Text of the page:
Alvin "Red" Tyler was inducted into the Louisiana Blues Hall of Fame, but he considered himself to be first and foremost a jazz player. Bebop was his first love, but rock & roll and the blues paid the bills better. In an era when bebop took New York by storm, audiences paid shockingly little attention to the great musicians playing straight-ahead jazz and bebop in New Orleans, the birthplace of jazz.
The adaptable Red Tyler rolled with the punches, performing with some of the greats of the R&B tradition. He was a member of Dave Bartholmew's band, and sat in on the recordings of big names from Fats Domino to Little Richard, and Allen Toussaint to Dr. John. While playing with characteristic excellence in that idiom, a careful listener can hear him break out into bebop on some of the songs collected in Tyler's 1961 release, Rockin' and Rollin'.
When the heyday of R&B ended, Tyler settled down with a day job as a liquor salesman, claiming that the steady income made his occasional gigs more enjoyable. By the mid-'80s, these gigs became more frequent, as the saxophonist worked with some of the Crescent City's most notable jazz luminaries, including Ellis Marsalis and New Orleans' "Tan Canary," Johnny Adams.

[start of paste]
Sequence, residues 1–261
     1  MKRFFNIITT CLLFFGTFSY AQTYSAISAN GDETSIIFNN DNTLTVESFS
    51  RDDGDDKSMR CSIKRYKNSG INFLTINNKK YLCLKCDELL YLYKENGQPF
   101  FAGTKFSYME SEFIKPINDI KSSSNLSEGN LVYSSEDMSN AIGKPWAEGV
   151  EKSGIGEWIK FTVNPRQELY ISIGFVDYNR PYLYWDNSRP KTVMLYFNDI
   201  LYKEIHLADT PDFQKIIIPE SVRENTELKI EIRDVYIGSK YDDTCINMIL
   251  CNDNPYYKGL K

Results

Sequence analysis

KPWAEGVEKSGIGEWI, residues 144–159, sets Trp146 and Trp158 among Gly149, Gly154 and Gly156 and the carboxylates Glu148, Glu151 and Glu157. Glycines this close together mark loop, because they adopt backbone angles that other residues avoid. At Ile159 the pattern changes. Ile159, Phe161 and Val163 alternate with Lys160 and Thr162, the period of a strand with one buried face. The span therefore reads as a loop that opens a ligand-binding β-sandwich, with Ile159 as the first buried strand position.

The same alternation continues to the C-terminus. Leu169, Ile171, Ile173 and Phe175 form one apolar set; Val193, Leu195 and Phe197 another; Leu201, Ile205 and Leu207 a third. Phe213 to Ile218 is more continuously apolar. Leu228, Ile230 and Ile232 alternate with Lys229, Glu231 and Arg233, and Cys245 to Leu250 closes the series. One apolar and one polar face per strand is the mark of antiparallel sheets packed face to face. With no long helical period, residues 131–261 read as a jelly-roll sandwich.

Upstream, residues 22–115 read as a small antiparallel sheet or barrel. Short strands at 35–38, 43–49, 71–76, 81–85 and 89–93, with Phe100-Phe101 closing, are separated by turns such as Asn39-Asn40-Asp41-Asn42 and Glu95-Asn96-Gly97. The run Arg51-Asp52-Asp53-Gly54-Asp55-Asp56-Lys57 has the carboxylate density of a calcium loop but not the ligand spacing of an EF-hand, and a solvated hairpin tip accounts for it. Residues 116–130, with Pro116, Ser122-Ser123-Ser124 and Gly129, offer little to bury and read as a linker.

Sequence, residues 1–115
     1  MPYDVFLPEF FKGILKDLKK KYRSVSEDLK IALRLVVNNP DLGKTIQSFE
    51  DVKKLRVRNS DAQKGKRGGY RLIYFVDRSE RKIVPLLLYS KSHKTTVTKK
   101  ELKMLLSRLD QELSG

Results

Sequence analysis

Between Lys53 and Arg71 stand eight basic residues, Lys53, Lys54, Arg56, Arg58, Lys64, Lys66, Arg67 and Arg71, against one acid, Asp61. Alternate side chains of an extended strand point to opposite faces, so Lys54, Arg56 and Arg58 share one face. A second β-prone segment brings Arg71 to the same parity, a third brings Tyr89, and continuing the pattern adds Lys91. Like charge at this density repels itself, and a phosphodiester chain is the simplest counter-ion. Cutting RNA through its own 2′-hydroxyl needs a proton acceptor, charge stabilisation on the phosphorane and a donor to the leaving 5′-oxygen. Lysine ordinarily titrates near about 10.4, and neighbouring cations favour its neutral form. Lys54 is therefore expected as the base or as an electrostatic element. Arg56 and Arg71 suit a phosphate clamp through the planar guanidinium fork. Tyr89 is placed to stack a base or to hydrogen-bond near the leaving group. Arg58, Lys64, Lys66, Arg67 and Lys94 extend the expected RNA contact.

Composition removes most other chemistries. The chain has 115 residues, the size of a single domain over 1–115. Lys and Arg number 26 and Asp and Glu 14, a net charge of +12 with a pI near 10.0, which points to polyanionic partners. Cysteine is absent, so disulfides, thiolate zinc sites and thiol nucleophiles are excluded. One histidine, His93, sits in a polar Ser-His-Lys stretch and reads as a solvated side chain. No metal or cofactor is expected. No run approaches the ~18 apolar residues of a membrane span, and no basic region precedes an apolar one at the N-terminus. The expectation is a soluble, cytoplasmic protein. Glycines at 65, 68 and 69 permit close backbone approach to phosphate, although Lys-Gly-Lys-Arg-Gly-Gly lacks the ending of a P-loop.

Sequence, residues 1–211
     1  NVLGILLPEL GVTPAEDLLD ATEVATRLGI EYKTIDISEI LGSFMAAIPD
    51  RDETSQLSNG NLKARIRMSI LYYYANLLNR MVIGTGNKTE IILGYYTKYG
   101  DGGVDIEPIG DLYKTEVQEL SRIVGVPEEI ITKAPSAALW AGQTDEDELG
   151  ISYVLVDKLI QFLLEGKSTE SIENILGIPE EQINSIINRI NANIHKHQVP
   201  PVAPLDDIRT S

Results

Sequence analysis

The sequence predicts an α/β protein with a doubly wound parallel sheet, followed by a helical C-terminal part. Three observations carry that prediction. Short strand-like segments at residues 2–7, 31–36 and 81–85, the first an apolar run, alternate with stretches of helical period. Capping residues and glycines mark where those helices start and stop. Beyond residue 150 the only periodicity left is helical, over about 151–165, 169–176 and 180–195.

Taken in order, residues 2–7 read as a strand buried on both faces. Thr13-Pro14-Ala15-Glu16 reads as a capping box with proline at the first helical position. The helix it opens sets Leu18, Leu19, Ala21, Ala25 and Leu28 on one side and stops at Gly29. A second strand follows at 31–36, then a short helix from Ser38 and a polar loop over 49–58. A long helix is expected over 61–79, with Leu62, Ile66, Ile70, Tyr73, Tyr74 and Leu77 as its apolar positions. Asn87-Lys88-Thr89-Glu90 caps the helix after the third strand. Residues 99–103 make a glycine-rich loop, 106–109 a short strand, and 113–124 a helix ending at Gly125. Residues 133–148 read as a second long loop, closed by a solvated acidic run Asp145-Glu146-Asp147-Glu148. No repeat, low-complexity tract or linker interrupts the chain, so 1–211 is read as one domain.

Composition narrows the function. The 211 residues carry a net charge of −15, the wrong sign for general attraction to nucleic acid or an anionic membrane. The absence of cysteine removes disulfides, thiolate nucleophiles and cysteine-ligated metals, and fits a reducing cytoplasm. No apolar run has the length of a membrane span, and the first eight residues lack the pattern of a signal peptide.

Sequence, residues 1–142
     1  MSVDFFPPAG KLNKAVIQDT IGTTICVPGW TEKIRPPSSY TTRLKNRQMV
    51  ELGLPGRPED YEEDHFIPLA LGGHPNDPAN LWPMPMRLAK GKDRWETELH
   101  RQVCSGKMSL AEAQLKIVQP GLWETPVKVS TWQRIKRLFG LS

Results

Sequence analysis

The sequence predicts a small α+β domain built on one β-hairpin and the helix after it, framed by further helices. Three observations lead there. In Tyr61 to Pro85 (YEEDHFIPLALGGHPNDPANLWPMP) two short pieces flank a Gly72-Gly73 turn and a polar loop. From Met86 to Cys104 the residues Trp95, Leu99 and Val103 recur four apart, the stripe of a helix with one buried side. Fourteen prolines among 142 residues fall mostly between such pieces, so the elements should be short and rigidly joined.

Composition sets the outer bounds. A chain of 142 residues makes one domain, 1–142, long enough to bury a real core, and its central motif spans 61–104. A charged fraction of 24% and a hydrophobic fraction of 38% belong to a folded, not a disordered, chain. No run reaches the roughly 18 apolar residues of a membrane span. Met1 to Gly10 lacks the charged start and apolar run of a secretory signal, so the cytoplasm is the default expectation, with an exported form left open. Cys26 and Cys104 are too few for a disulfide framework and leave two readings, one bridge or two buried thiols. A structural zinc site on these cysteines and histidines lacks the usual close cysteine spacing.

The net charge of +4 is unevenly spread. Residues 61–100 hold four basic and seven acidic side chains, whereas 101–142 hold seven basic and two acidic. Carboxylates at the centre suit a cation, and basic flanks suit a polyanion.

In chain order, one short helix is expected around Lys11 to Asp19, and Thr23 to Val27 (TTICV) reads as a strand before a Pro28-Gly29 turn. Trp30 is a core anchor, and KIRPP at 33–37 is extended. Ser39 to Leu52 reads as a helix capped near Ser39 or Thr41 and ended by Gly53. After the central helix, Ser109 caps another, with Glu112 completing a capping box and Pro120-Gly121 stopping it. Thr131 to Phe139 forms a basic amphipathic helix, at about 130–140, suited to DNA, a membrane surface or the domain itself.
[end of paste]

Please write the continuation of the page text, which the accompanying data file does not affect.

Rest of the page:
Finally, in 1986, Tyler's mastery was acknowledged in two recordings for Rounder Records: Graciously and Heritage. Each CD contains outstanding tracks by the artist, with help from some of New Orleans' most outstanding musicians. Tyler is assisted by David Torkanowsky, James Singleton, Steve Masakowski, and Johnny Vidacovich of Astral Project fame, along with Clyde Kerr Jr. Standouts on Graciously include the title cut, as well as "Count 'Em" and "Here's That Rainy Day." There are stunning vocals on Heritage, contributed by Johnny Adams and Germaine Bazzle. Bazzle is undoubtedly the most-revered jazz and scat singer in New Orleans. Tyler, who worked often with Bazzle as part of her Gentlemen of Jazz, provides sophisticated backup for her smoldering rendition of "Lush Life." The saxman takes a great solo with just the right note of melancholy on Johnny Adams' gorgeous rendition of "I'll Only Miss Her."
Shortly before Tyler's death in 1988, he put together another outstanding CD entitled Simply Red, a compendium of vintage Tyler, containing classics like "Peanut Vendor," "Junk Village," and "Double Whammy." The recording serves as a fitting legacy of the saxophonist's artistry. ~ Rose of Sharon Witmer